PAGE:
The great portrait painter and inventor who will forever be memorialized in a series of dots and dashes.
The evolution of a great idea and the patient endeavor by which it became a practical achievement.
When Samuel F. B. Morse conceived the idea of the electric telegraph, in 1832, he renounced a distinguished past. He was forty-one years old, a successful portrait painter, founder and president of the National Academy of Design. His life had been a broken one. In those days, a portrait painter was perforce an itinerant. He had not been able to live for any long time at home, and after nine short years of married happiness his young wife had been torn from him by sudden death, and their three children had gone to relatives. These vicissitudes had hardened his character for a new struggle far more bitter than any he had known. One feels this hardness in his European diaries of 1830 to 1832. He seldom relaxes in holiday vein. The superstition and the frivolity of the Europeans chiefly strike him. The Puritan asserts itself. He had gone to Europe in the hope of breaking out of the groove of portraiture, and realizing early aspirations to the historical style, but the mood is that of a tired and dissatisfied man. One would hardly credit him with the combative energy which he was to show for a bitter ten years to come.
The great idea came to him quite casually when returning to New York, on the packet Sully, in October, 1832. In the cabin one night the talk was of the new electrical discoveries. Dr. C. T. Jackson, of Boston, described the possibility of noting the current simultaneously at any part of a long circuit. Morse remarked: "If the presence of electricity can be made visible in any part of the circuit, I can see no reason why intelligence may not be transmitted instantaneously by electricity."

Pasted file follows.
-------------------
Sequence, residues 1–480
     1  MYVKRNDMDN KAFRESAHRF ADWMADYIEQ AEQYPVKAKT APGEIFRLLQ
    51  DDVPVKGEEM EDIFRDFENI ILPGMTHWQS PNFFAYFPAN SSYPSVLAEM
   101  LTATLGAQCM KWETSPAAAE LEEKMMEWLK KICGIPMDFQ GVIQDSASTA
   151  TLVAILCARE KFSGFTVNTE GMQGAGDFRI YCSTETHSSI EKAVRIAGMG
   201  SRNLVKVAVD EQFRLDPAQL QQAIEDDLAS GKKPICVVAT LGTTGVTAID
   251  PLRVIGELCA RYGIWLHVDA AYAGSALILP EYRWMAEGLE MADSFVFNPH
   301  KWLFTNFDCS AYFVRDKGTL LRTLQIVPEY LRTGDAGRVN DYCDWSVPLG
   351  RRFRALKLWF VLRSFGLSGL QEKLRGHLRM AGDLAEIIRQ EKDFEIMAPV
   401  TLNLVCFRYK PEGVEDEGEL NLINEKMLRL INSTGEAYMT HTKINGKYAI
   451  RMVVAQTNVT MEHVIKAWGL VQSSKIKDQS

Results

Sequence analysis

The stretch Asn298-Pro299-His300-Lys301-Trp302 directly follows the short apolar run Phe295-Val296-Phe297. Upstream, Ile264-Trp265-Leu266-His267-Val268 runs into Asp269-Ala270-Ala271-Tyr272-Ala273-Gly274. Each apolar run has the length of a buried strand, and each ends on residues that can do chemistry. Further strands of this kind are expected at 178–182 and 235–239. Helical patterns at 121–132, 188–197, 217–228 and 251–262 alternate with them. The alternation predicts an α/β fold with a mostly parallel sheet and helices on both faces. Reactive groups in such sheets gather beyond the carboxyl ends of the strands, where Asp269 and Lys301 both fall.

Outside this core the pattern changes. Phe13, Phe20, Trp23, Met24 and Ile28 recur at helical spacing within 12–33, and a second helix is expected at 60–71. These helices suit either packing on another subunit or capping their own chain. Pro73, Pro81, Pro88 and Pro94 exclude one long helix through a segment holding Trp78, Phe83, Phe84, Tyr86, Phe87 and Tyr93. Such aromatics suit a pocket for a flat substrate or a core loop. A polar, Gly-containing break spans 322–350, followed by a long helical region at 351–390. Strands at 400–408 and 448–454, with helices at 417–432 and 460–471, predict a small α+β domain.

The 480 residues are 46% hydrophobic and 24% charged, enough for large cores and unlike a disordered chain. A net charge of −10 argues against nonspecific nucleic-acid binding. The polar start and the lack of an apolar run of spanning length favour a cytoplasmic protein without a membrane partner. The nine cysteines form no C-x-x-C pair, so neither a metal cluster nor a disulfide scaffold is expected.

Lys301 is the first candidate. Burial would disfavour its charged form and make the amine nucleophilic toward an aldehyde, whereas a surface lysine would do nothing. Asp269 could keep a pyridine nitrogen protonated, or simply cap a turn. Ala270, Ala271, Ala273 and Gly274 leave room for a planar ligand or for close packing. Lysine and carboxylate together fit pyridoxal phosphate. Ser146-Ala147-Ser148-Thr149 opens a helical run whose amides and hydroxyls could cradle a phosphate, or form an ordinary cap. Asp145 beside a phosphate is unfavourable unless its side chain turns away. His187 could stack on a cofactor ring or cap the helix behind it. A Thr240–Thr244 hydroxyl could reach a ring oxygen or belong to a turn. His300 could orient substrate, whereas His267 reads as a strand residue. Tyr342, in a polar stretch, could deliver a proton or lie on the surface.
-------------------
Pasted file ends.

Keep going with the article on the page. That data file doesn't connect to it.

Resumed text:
Unknown to Morse, others were working at the same problem, notably Wheatstone in England and Steinheil in Germany. Military and marine signaling already used the principle of the alphabet. Morse’s merit was to conceive once for all the apparatus by which electrical telegraphy became practical. As he himself sensibly insisted during the unhappy controversies which accompanied the perfecting of the invention, the telegraph was not an idea, but a machine. The essentials of the machine he worked out before the Sully reached Sandy Hook.
In view of subsequent controversies about the invention, it is unfortunate that the original notebook which Morse used on the Sully has disappeared. Yet there is no reason to distrust the copy which he made himself of the essential sheets. From the facsimiles in the new official biography, it is clear that Morse at once grasped the notion of the recording key. There is a sketch of a balanced lever with a stylus which bears on a moving strip of paper served from rolls. When the lever is held by the powerful magnet in the magnetic circle, the stylus scores the paper; when the circuit is broken, a weak local magnet raises the lever with its stylus from the paper. In other words, when the electric circuit was closed, a continuous line was made on the paper, and this line, by breaking the circuit for longer or shorter intervals, might be traced in dots and in dashes of any desired length. By breaking and closing the circuit at any point, the same dots and dashes would be recorded by any number of such keys. Mechanically and scientifically the apparatus was right from that moment in October, 1832, when Morse casually scrawled on pages 25, 26, and 29 of his pocket notebook. The perfecting of the invention concerned chiefly working the dots and dashes into the most convenient sort of code, and assuring circuits of sufficient power, length, and permanency. In all these later developments we enter a highly controversial field, with confusing claims and counter-claims. So we do well to remember that from the first flash of invention in Morse’s mind there has been no radical change in the telegraph as an apparatus, merely refinements on Morse’s principle, no change in the visible units by which the communication is made. Two of the most essential improvements have been claimed for his later partner, Alfred Vail, the alphabetic code and the relay which permits indefinite lengthening of the circuit. This matter we must consider briefly in its turn.